About a year ago I started suffering brief anxiety attacks. I felt the same panicky sensation that I had when I experienced claustrophobia, except I started feeling this way for unrelated reasons. These incidents were not as intense as my claustrophobia ones, yet they were still quite concerning. I categorized them as mini panic attacks. Over time they became more common.

Seemingly innocuous events would initiate these attacks. The triggers all had one common thread- they were situations where I seemed to be losing control of some of my most basic physical functions. Mind you, there were no actual emergencies worthy of the spike of adrenaline, increased heart rate, and the urge to flee that I experienced. For example, maybe my feet would get tangled up in the blankets in the middle of the night, and I would have to ask Kim to help me get them unstuck. In reality, this was a harmless situation. In my subconscious mind, however, it suddenly rose to the status of an emergency, and an attack ensued.

Imagine my frustration with these absurd reactions. But, as a person who is, in fact, slowly losing control of many basic functions, I suppose I should excuse my subconscious for its overzealousness.

Given that these trigger situations were only going to become more and more common as my MS continued to progress, I thought it wise to take action sooner rather than later. So I began to see a therapist for the first time in my life.

The therapist let me know that panic attacks are common and usually treatable. She taught me a set of techniques based on Cognitive Behavioral Therapy (CBT), which helps to interrupt and mitigate the irrational spiral that is typical of panic attacks. You can read about CBT here.

After about six weeks of therapy, I noticed that the intensity of my panic attacks was lessened, but they still existed at an unacceptable level. I talked this over with my therapist, and she encouraged me to visit my physician to discuss pharmaceutical options as a supplement the CBT program.

There is a class of antidepressant drugs called SSIR’s which have been found to be effective not only for clinical depression (which I don’t have), but also for taking the edge off panic attacks (which I do). From the day I started taking SSIR’s, at a relatively low dose, I have had zero panic attacks. The first two drugs that I tried had some undesirable side effects. But now I am on 10 mg per day of Lexapro, and it's really making a difference.

The combination of therapy and pharmaceuticals has been the answer for me. Although I've not had panic attacks, I still feel anxiety bubbling beneath the surface once in a while, so I know that this may not be a permanent fix. I need to continue practicing my CBT procedures, and I have to remain open to pharmaceutical adjustments in the future. But I'm thrilled that, at least for now, this issue is no longer haunting me.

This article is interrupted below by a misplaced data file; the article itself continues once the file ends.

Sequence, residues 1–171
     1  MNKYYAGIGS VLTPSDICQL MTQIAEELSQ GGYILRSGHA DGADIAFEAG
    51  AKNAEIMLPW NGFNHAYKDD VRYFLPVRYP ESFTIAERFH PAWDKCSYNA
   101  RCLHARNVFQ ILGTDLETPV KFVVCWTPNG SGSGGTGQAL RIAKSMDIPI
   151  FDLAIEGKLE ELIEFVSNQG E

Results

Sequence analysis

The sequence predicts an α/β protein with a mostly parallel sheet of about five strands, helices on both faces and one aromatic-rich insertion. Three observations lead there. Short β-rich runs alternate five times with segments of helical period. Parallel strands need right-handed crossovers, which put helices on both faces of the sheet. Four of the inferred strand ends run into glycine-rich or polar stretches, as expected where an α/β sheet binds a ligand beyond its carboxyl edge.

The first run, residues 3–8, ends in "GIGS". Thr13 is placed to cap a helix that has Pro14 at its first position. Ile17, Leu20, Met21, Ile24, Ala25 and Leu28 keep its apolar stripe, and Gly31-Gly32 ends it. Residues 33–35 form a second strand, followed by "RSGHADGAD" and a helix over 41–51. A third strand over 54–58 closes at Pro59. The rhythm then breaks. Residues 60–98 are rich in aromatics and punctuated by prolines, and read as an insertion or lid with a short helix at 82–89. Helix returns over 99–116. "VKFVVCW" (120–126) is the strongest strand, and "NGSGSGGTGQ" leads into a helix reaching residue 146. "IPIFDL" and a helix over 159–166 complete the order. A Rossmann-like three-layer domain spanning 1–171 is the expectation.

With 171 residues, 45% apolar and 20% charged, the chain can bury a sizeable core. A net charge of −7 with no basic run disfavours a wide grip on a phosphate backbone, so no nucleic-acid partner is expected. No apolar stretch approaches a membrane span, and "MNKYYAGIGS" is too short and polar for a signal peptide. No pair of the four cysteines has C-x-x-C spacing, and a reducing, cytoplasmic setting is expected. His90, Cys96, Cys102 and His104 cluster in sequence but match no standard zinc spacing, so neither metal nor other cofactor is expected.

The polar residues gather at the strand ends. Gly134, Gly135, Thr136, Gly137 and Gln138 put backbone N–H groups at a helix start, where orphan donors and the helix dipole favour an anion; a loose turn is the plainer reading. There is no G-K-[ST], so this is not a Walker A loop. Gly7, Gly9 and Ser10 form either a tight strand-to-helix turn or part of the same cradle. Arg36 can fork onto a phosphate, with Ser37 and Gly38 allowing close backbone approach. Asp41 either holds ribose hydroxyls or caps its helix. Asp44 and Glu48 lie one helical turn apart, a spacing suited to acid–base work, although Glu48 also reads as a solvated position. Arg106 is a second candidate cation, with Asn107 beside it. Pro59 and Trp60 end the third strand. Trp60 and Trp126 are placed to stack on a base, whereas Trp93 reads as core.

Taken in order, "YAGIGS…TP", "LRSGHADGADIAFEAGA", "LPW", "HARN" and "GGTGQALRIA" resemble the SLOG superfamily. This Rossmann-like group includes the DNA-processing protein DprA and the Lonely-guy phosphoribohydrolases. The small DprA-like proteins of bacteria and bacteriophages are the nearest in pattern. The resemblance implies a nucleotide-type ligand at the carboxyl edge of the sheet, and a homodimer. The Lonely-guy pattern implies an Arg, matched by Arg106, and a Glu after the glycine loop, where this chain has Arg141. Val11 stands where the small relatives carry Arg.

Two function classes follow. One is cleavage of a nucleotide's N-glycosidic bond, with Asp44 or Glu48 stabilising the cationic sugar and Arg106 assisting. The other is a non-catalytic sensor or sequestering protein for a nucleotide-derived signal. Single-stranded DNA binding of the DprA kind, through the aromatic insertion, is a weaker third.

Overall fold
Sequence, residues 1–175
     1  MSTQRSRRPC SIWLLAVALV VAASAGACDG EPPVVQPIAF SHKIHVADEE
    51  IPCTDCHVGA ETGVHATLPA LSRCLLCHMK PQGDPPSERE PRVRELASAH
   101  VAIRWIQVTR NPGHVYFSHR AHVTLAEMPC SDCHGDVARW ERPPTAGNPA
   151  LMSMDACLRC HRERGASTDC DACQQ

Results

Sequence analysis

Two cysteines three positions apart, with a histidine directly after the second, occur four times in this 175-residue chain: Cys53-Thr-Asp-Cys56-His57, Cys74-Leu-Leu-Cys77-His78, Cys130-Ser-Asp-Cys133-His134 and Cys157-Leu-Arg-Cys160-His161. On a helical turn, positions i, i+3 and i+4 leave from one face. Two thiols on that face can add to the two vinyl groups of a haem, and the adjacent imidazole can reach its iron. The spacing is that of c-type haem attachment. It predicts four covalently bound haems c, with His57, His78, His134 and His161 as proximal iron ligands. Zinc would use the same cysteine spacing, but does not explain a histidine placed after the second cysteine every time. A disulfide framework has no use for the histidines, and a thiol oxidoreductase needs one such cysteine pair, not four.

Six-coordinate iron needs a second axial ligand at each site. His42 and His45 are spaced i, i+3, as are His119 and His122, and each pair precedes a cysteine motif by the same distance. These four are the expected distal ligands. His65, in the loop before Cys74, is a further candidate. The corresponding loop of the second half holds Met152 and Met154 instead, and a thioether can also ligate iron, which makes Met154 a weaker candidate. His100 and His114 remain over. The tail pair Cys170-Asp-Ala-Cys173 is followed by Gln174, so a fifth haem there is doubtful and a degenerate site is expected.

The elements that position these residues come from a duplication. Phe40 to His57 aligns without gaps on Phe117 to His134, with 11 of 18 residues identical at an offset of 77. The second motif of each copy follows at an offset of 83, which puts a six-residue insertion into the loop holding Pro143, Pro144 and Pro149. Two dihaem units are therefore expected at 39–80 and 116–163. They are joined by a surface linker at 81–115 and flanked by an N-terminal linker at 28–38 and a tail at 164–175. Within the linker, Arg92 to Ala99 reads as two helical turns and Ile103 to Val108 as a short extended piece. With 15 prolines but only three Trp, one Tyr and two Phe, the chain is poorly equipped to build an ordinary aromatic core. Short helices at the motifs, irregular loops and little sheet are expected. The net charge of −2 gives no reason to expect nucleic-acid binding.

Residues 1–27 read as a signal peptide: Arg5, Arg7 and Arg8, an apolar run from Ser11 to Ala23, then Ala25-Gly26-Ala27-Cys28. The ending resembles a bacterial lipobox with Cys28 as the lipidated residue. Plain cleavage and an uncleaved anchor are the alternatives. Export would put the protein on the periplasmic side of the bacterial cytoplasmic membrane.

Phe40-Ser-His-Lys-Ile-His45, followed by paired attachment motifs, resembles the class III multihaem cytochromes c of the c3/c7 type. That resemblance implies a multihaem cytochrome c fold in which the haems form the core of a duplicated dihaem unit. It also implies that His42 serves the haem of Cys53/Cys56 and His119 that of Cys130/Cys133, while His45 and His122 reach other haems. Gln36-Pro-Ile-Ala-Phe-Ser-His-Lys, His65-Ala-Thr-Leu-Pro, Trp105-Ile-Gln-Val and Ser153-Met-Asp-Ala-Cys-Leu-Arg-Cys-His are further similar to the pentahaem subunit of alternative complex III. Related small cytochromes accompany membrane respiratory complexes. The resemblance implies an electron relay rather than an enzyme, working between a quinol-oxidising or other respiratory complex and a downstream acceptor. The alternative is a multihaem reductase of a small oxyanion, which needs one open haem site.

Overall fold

People with MS are particularly susceptible to depression and anxiety issues. It can be a direct result of nerve damage in our brains, or it can be a secondary consequence of the stress that we are under in dealing with a chronic disease. In the end, it doesn't really matter to me what the root cause is. The treatment is the same either way.

I must admit, this whole episode has been a bit of a blow to my ego.

Let's examine that statement more closely. I always took pride in my mental toughness and emotional stability. There’s that, and the fact that I’m a, well, manly man and not a wimpy baby. But in retrospect, my pride was misguided and my machismo was self-defeating. I should no more be given credit for 47 years of panic-free existence that I should be blamed for the last year of panic attacks. The notions of pride and shame are of no value in this discussion, and in fact, only muddy the waters.

I open up about a lot of personal issues in this blog, but I don't write about everything that I'm going through. So why have I decided to share this sensitive issue? There are a couple of reasons. First, I want to raise awareness that people with multiple sclerosis not only suffer physical problems, but also must deal with mental and emotional challenges too. Second, I want to shed light on the issue that, no matter what the source of your depression or anxiety, it's okay to seek help. Don't let pride or shame prevent you from attending to health issues like these, especially since they are highly treatable.

I'm not looking for a commendation. I'm hardly the first MS patient to open up about these issues. And please don't treat me with kid gloves going forward. These panic attacks have not significantly affected my overall well-being. I just felt it prudent to address the issue before it became a bigger problem.

I must end this post now, as I’m overdue to pop my daily happy pill. It's not as if taking another drug is cramping my style though. All it means is that, due to a variety of MS blessings, I get to swallow 13 pills a day instead of only 12.